Difference Between Array and Pointer

Difference Between Array and Pointer

Array and Pointer Difference

The Key Difference Between Array and Pointer is that Array is a collection of variables belongings to the same data type and carries the same size. A Pointer is a single variable that stores the address of another variable.

Comparison Between Array and Pointer
Comparison Between Array and Pointer

Comparison Chart

Array Pointer
Array is a constant pointer. Pointer variable can be changed.
It refers directly to the elements. It refers address of the variable.
Memory allocation is in sequence. Memory allocation is random.
Allocates the memory space which cannot resize or reassigned. Allocated memory size can be resized.
It is a group of elements. It is not a group of elements. It is a single variable.
Array can be initialized at definition. Example
int num[] = { 2, 4, 5}
Pointer can’t be initialized at a definition
The assembly code of Array is different than Pointer. The assembly code of Pointer is different than Array.


  • An array is a fixed-size sequenced collection of elements of the same data type.
  • An array is a derived data type.
  • The individual elements of an array is referred by their index or subscript value.
  • The subscript for an array always begins with 0.
  • Syntax:
    data_type array_name[size];
  • Example:
    int marks[5];
  • The data_type specifies the type of elements that can be stored in an array, like int, float, or char.
  • The size indicates the maximum number of elements that can be stored inside the array.
  • In the example, the data type of an array is int and the maximum elements that can be stored in an array are 5.
  • Types of an array:
    • Single dimensional array
    • Two-dimensional array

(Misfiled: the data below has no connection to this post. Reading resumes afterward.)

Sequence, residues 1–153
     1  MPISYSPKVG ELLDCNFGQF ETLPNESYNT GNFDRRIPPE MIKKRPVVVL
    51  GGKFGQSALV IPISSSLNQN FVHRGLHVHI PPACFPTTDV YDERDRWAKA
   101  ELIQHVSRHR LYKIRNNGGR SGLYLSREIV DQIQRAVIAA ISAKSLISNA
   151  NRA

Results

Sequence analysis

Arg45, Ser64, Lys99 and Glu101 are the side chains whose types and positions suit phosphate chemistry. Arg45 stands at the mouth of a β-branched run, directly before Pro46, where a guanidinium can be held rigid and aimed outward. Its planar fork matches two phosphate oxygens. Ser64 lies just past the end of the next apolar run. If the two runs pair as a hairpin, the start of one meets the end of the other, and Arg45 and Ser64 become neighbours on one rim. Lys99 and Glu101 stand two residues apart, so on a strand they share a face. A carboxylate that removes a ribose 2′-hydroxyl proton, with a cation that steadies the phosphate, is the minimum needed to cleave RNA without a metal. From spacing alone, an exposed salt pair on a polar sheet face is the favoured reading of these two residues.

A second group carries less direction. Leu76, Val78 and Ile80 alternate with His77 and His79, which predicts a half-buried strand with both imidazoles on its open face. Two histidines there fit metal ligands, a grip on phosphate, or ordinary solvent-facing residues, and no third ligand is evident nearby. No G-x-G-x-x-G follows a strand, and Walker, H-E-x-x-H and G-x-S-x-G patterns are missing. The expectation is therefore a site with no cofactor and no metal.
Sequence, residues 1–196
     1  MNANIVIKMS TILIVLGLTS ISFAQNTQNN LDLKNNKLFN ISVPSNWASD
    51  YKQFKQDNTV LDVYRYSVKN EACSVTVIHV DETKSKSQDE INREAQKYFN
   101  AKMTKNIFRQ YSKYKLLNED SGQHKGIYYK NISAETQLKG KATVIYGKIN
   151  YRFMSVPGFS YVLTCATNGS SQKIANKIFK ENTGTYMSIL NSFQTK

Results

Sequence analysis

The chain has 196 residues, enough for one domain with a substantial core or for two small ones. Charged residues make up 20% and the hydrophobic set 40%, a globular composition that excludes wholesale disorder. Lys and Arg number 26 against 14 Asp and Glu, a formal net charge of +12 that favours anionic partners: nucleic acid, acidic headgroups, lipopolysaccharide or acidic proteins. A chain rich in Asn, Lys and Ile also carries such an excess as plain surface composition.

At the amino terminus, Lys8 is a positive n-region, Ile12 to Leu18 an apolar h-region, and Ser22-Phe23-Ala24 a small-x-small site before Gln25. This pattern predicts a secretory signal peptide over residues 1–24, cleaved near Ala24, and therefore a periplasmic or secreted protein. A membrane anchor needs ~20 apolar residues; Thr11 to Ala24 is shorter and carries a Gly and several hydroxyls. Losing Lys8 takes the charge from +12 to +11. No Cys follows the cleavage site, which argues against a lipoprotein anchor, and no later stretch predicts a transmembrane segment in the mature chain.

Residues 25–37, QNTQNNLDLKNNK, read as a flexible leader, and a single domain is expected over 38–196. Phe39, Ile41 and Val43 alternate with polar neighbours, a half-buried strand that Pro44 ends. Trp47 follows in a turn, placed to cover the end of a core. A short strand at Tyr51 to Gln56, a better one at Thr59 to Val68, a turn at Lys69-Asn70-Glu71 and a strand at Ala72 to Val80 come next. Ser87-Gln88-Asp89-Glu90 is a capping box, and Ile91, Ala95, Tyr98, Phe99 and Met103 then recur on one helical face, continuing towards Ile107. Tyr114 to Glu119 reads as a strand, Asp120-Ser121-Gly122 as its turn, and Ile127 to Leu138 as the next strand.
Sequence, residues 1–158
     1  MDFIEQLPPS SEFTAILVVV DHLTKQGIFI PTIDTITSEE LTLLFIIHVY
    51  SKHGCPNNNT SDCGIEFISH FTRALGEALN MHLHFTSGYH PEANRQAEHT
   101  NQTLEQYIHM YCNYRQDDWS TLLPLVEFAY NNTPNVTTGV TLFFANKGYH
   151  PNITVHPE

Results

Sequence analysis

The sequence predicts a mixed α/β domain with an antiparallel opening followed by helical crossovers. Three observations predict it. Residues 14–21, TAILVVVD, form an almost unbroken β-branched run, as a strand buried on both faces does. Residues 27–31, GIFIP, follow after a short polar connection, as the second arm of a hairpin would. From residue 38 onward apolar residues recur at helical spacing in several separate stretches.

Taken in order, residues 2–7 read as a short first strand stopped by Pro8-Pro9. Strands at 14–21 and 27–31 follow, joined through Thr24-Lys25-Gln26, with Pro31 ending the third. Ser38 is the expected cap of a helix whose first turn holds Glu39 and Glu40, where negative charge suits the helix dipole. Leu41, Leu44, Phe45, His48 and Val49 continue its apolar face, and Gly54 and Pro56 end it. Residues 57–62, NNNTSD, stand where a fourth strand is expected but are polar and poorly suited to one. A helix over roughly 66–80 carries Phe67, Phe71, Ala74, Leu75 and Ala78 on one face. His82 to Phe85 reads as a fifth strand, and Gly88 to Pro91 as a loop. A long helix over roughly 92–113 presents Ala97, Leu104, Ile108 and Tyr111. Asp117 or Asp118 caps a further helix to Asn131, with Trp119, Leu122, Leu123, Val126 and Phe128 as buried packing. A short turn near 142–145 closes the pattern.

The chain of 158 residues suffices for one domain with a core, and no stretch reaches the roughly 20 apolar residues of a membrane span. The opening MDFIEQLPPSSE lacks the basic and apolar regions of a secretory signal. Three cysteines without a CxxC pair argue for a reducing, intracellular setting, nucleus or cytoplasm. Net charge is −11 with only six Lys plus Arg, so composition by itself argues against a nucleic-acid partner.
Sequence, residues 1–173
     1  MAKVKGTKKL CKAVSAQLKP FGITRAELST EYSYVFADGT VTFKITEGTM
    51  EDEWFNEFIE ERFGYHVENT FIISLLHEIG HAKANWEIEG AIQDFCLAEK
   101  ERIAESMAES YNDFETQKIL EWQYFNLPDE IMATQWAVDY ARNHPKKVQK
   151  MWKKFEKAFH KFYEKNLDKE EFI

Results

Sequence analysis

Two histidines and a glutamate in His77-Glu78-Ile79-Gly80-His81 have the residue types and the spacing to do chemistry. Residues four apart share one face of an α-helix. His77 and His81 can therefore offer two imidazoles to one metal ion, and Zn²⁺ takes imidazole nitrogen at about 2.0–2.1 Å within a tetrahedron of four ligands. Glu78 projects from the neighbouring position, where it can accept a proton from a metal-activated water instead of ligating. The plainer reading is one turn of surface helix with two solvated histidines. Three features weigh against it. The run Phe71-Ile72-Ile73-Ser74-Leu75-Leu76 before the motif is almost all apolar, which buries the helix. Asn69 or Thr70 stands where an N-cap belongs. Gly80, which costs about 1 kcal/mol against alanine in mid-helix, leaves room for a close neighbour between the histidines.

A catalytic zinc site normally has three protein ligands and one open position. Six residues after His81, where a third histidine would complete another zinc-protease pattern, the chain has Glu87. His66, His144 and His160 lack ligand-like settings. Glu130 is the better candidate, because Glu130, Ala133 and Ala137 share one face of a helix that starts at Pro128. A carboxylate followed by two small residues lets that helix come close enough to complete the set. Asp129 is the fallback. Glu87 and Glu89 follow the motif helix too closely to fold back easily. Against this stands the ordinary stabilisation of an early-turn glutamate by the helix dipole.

• Multidimensional array

Advantages of Array

  • You can use one array name to store many values with different indexes.
  • An array is very useful when you are working with sequences of the same data.
  • An array makes the program easier to read, write and debug.


#include <stdio.h>
int main () {
   int a[10];
   int i,j;    
   for (i = 0;i<10;i++) {
      a[i] = i+1; 
   for (j = 0;j<10;j++) {
      printf("Element[%d] = %d\n", j, a[j] );
   return 0;


  • A pointer is a variable that contains an address or location of another variable.
  • Pointer is a derived data type in C
  • Pointers contain memory addresses as their values, so they can also be used to access and manipulate data stored in memory.
  • Syntax: data_type *pt_name;
void main()
  int a=10,*p; 
  p = &a; \\ Assign memory address of a to pointer variable p
  printf(“%d %d %d”, a, *p, p);
  • Output: 10 10 5000
  • p is integer pointer variable
  • & is the address of or referencing operator which returns the memory address of a variable.
  • * is an indirection or dereferencing operator which returns the value stored at that memory address.
  • & operator is the inverse of * operator ( x = a is same as x = *(&a))


int main () {
   int  a = 8;  
   int  *ptr;      
   ptr = &a;       
   printf("Value of variable a: %d\n", a);
   printf("Address of variable a: %d\n", ptr);
   return 0;

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